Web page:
“When a federal court sits in diversity, it may exercise personal jurisdiction over an out-of-state defendant only if a court of the forum state could do so.” Newberry v. Silverman, 789 F.3d 636, 641 (6th Cir. 2015) (citing Kerry Steel Inc. v. Paragon Indus., Inc., 106 F.3d 147, 148 (6th Cir. 1997)). Personal jurisdiction over a nonresident defendant under Kentucky's long-arm statute consists of a two-step process. The Court first must look to see if the cause of action arises from the type of conduct or activity enumerated in the statute. Caesars Riverboat Casino, LLC v. Beach, 336 S.W.3d 51, 57 (Ky. 2011). A claim “arises from” certain conduct when there is a “reasonable and direct nexus” between the conduct causing injury and the defendant's activities in the state. Id. at 59. If the conduct or activity does not fall under the categories enumerated in the long-arm statute, then the defendant is not subject to personal jurisdiction in Kentucky. Id. at 57. If, however, the conduct does fall under the long-arm statute, the Court must assess if exercising personal jurisdiction over the nonresident defendant offends its federal due process rights. Id.

         In relevant part, Kentucky's long-arm statute provides for personal jurisdiction over an out-of-state defendant when a claim “arises from”:

         (1) Transacting any business in this Commonwealth;

         (2) Contracting to supply services or goods in this Commonwealth; KRS § 454.210(2)(a). Lattanzio has only made conclusory allegations regarding NBCU's contacts with Kentucky.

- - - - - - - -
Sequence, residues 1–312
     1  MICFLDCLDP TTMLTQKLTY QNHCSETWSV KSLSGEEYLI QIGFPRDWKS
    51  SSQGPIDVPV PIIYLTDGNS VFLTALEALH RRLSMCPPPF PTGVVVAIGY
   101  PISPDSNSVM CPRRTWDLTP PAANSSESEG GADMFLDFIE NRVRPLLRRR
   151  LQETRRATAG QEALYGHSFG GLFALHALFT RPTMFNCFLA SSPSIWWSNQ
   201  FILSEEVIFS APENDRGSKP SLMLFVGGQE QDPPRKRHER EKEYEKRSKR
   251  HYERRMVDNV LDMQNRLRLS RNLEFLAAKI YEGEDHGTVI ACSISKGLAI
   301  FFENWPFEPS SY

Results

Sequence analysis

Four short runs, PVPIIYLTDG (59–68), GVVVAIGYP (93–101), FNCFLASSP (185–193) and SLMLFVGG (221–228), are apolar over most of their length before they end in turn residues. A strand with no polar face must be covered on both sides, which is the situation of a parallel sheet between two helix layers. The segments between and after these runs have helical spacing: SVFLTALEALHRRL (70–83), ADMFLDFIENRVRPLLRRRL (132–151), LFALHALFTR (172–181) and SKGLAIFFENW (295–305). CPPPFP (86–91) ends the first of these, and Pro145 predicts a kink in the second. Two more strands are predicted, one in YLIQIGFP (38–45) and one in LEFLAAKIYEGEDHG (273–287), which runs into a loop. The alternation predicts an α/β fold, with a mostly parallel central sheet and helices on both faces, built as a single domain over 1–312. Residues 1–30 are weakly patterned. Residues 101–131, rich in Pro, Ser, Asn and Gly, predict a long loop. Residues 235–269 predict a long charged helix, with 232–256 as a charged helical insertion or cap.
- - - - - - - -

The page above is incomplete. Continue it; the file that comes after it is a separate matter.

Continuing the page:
First, he argues that NBCU transacts business in Kentucky by relying on two declarations filed in an unrelated case from the United District Court for the Southern District of New York. [Record Nos. 82');">82, pp. 2-3; 82');">82-2, pp. 1-8] But these declarations cited in and attached to Lattanzio's Response do not provide support for the contention that NBCU transacts business in Kentucky. They contain only factual allegations involving NBC Universal Media, LLC, a wholly owned subsidiary of NBCU.[2] See Record No. 75-2, ¶ 3.

         Not only has the issue of personal jurisdiction over NBC Universal Media, LLC been decided by the Scott Circuit Court, but in the absence of an alter-ego relationship, personal jurisdiction is proper only if a parent corporation directly maintains contacts and activities with the forum. See Modern Holdings, LLC v. Corning Inc., 2015 WL 1481443, at *5 (E.D. Ky. Mar. 31, 2015); see also, e.g., Estate of Thomson ex rel. Estate of Rakestraw v. Toyota Motor Corp. Worldwide, 545 F.3d 357, 362 (6th Cir. 2008) (adopting alter-ego theory of personal jurisdiction in parent-subsidiary context). Here, Lattanzio has made no arguments that the separate NBC entities are merely NBCU's alter ego. Instead, he only makes a passing reference stating “NBC owns or directs these other Scott [Circuit Court] case ...